Colin Montgomerie: I Love America, and It Loves Me Back!

Colin Montgomerie was elected in the World Golf Hall of Fame in 2013.
Angus Murray

One of golf's greatest feuds is over.

In a March interview with Golf Magazine, Hall-of-Famer Colin Montgomerie said that he's been embraced by the American golf fans who heckled him at the height of his career and blamed himself for the rift that once "defiled" the game he loved.

"For the first time, I have given them somthing back," Montgomerie said. "They were always reasonable. I wasn't. ... I was too intense. I was going through a time when I wanted the best for my family, I was trying to do my job. [The American fans] were always there wanting to warm to me, but I wasn't allowing it. Now I'm allowing it. I'm more relaxed, and they see that and are warming the other way. It's taken both sides to make it click."

Montgomerie believes his role as an analyst on Golf Channel also helped introduce fans to a friendlier Monty.

"I'm relaxed and myself on the set," he said. "I think that's helped my persona with the American public. The first thing people say to me is not, 'Great score!' It's 'I saw you on TV -- you are great.' I really do enjoy it."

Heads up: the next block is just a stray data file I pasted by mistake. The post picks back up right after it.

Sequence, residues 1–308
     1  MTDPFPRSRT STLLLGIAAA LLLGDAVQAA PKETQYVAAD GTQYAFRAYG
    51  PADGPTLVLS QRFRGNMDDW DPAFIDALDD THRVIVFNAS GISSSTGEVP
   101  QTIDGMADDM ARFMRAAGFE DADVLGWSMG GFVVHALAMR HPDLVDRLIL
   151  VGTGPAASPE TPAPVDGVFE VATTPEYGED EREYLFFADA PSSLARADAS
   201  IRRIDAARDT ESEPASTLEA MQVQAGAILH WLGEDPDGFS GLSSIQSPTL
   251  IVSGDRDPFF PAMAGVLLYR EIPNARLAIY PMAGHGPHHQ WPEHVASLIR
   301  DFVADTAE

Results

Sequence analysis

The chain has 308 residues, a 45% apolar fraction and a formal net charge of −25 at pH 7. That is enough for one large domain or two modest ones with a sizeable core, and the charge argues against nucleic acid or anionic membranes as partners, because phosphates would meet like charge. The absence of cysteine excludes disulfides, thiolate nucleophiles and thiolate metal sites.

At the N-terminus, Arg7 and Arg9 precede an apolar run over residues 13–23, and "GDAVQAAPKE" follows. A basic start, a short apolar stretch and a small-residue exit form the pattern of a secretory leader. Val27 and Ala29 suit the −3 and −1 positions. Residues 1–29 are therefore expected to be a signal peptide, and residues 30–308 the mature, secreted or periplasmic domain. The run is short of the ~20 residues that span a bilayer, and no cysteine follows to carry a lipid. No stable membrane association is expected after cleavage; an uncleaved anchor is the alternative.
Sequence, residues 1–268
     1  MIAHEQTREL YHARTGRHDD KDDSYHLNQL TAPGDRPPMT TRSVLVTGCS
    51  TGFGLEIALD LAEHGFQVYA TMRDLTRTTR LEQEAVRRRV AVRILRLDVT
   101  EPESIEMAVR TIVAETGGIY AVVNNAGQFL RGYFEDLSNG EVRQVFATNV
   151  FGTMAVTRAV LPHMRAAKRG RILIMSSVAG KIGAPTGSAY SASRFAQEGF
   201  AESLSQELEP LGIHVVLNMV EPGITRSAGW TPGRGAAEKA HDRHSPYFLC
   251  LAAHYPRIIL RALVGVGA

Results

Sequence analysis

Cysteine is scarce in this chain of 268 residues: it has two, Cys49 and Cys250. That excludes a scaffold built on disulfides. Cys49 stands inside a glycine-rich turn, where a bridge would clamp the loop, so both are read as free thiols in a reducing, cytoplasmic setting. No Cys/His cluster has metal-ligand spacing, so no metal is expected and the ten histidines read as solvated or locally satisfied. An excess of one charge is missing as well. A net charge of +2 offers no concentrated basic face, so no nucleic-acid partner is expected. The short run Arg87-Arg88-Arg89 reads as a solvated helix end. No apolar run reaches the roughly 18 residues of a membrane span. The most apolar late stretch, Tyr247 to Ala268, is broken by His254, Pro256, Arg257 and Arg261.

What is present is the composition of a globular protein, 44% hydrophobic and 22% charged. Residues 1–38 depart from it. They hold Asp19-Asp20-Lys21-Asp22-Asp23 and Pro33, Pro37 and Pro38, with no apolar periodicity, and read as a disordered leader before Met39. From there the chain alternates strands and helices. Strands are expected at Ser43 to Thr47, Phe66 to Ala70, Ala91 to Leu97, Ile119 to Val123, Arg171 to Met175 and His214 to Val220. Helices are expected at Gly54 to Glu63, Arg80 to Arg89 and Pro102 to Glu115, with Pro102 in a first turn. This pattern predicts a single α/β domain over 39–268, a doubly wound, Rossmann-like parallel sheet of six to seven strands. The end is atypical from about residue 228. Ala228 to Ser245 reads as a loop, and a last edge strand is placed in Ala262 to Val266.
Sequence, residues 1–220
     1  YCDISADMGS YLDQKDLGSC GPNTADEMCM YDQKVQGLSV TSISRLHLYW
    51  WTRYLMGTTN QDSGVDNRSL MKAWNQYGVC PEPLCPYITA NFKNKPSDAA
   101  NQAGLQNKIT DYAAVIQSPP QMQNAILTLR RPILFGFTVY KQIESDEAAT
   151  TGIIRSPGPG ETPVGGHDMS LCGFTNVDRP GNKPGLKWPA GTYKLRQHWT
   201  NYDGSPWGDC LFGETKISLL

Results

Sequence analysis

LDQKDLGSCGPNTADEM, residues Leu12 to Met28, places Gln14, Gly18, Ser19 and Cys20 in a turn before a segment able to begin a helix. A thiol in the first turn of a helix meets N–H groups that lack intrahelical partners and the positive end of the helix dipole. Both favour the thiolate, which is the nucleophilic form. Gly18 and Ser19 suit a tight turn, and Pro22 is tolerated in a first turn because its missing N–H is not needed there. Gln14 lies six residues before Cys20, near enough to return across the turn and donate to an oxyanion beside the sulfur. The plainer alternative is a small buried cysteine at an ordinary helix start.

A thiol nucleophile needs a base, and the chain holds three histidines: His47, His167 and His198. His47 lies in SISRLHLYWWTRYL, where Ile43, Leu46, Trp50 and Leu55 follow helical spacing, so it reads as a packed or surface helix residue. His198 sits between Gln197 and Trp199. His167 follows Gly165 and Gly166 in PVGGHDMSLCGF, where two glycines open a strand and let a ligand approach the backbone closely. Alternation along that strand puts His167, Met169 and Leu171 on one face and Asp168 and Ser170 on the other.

The antogonistic relationship began at the 1997 U.S. Open at Congressional, when a rowdy gallery hurled abuse at Montgomerie, and the Scotsman fired back with insults of his own. Fans soon took to calling Montgomerie "Mrs. Doubtfire," and though he tried his best to respond on the course -- sinking the winning putts for Europe at the '97 and '04 Ryder Cup and captaining another winner in 2010 -- the abuse took its toll.

“I made a mistake and answered back,” he said years later of his reaction to fans at Congressional. “And I paid for it for about 10 years.”

Despite that, Montgomerie, now 51, has become an unlikely fan favorite on the Champions Tour. He drives from tournament to tournament, chatting with fans who recognize him, and with his new outlook has come renewed success. In his rookie season on the senior circuit in 2014, the 31-time European Tour winner and five-time major runner-up nabbed back-to-back major championships at the Senior PGA and U.S. Senior Open.

"Now I'm the happiest I've ever been," he said.

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